Friday, June 14, 2013

Turkish Uprising: Islamist Police Battles Secularists

Turkish riot police using teargas and water cannon battled protesters for control of Taksim Square in Istanbul on Tuesday night, hours after the prime minister, Tayyip Erdogan, demanded an immediate end to 10 days of demonstrations.

Istanbul's governor, Huseyin Avni Mutlu, declared on TV that police operations would continue day and night until the square, the focus of protests against Erdogan, was cleared.

Police fired volleys of teargas canisters into a crowd of thousands – people in office wear as well as youths in masks who had fought skirmishes throughout the day – scattering them into side streets and nearby hotels. Water cannon swept across the square.

The protesters, who accuse Erdogan of overreaching his authority after 10 years in power and three election victories, thronged the steep narrow lanes that lead down to the Bosphorus waterway. Many drifted back into the square and lit bonfires, only to be scattered by more teargas.

Mutlu said 30 people had been wounded on Tuesday and in a tweet he called on parents to get their children out of the park since their "safety could not be guaranteed".

Tensions remained extremely high as thousands of demonstrators streamed toward the city centre and police reinforcements were sent in.

The confrontation began just after dawn when hundreds of riot police on foot and in armoured crowd control vehicles approached the square.

While talks between Erdogan and representatives of the Taksim Square movement – handpicked by the prime minister – were reportedly going ahead, some of those who had been invited refused to attend in protest over police violence.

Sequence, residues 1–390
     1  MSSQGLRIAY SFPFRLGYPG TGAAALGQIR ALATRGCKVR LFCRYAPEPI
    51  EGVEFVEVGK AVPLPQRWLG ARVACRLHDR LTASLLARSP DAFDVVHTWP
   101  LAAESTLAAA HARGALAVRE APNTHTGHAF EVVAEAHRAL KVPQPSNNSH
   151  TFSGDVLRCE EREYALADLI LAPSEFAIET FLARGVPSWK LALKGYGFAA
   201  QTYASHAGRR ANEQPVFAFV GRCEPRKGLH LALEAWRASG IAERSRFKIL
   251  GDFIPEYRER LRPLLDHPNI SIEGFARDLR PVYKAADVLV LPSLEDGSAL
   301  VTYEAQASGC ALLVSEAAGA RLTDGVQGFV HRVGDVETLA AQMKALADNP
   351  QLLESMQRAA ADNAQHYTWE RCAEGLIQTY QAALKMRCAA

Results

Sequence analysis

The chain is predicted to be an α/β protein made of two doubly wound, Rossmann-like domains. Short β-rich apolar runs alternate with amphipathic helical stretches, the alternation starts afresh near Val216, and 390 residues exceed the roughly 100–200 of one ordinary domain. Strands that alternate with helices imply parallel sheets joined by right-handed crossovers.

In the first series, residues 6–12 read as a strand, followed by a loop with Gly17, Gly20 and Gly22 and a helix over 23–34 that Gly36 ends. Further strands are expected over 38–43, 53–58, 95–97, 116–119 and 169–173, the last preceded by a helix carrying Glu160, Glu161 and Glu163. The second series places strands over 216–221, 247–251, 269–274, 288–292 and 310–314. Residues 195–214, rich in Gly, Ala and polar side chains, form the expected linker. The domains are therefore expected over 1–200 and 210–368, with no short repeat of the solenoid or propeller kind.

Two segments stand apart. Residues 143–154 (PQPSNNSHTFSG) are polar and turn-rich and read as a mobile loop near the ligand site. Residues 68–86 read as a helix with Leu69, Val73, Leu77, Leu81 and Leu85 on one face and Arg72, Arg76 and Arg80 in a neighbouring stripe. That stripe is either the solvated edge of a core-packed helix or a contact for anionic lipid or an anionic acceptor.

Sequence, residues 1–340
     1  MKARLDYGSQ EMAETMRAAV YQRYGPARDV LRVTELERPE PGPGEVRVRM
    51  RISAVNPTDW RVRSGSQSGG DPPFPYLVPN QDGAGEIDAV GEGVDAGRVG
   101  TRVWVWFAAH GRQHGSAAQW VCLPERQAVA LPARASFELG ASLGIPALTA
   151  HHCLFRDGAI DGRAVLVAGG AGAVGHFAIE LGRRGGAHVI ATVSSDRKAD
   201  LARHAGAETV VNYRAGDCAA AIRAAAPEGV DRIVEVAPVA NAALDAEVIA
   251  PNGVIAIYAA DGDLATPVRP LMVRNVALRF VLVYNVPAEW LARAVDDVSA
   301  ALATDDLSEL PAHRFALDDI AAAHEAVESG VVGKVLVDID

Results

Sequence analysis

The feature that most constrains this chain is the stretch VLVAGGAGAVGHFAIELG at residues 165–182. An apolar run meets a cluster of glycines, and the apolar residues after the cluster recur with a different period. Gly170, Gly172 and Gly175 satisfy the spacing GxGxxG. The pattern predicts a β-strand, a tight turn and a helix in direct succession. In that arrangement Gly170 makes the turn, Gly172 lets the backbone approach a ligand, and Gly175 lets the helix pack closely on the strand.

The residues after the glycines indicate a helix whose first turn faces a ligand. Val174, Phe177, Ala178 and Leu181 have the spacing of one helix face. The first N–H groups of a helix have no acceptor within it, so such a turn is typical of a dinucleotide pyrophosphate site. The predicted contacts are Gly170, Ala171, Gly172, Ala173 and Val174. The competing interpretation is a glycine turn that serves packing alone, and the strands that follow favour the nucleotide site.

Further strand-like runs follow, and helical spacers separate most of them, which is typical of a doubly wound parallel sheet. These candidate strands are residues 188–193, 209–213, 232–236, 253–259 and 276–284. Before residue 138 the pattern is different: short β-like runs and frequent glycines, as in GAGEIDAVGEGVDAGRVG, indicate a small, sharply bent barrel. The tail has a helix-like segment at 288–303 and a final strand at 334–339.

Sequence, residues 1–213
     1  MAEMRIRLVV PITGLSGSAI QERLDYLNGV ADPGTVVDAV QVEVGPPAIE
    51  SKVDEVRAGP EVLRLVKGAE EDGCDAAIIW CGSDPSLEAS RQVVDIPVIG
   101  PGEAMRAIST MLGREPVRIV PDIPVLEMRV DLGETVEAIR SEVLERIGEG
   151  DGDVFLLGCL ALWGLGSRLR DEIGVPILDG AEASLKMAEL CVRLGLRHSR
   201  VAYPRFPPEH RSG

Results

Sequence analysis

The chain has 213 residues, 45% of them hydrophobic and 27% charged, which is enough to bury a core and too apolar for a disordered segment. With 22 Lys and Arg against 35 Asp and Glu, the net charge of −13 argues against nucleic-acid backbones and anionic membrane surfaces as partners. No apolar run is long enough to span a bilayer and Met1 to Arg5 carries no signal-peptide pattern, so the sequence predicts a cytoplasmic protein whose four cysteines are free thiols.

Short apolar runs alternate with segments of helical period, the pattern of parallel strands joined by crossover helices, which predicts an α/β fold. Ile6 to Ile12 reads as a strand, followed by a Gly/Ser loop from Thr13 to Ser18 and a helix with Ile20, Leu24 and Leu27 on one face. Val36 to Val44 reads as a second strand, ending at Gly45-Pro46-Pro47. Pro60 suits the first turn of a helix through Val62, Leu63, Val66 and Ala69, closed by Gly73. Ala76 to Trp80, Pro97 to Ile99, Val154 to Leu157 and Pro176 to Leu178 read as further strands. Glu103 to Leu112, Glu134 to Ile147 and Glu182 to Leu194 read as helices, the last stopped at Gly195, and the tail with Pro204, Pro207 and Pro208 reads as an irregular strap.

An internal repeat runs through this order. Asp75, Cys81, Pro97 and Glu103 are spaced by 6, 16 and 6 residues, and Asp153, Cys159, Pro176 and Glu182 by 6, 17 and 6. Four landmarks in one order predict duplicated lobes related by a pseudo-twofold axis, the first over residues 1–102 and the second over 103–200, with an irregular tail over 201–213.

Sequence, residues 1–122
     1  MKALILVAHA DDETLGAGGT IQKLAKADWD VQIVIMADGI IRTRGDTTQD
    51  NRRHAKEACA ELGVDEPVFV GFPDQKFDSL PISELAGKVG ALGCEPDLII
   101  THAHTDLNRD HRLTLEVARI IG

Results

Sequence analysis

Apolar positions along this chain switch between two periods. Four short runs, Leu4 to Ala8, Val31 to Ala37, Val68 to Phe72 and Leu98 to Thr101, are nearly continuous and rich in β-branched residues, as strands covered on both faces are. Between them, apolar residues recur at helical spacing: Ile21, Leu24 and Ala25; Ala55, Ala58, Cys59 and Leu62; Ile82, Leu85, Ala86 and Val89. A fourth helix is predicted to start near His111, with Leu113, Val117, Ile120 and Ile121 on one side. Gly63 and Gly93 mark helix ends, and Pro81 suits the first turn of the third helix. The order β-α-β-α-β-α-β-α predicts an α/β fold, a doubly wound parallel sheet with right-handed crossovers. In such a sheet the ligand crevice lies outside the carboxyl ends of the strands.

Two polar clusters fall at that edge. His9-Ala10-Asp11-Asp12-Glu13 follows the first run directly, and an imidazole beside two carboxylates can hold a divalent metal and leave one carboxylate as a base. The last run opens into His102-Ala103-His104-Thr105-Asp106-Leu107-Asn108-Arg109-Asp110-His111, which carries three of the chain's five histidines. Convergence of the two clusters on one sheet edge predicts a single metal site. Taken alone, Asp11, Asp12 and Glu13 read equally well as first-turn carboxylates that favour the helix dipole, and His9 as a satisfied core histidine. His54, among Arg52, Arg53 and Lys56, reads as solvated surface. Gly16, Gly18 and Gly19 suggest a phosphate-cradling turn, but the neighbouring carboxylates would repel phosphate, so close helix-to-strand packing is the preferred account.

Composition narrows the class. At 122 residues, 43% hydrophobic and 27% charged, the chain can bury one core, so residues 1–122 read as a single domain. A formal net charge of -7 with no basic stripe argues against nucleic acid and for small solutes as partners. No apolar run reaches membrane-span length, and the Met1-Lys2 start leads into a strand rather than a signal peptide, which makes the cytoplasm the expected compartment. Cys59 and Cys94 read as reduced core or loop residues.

In dramatic scenes at the city's main courthouse – one of the biggest in Europe – more than 50 lawyers were dragged on to buses by police after staging a sit-in to support the protests. They were later released, according to Turkish media reports.

Erdogan sounded unapologetic and defiant in confronting the biggest challenge he has faced. "I am sorry but Gezi Park is for taking promenades, not for occupation," he said. "I invite all demonstrators, all protesters, to see the big picture and the game that is being played. Those who are sincere should withdraw. I expect this from them as their prime minister."

He attacked the international media for waging a "comprehensive" campaign aimed at sullying Turkey's image. Various unspecified international actors were determined to damage Turkey, he said.

What had started as an environmental protest aimed at saving an inner city park from being demolished to make way for an Ottoman-style shopping centre quickly snowballed into a nationwide display of anger at what is seen as Erdogan's increasingly authoritarian stance.

Inside the park, protesters were angry and disappointed about the police operation. "All this government does is lie," said Adnan Oruç, a 58-year-old electrician. "They speak live on television saying one thing, and I am here, witnessing the exact opposite of what they promised. That's why I am here. I cannot take their lies any more."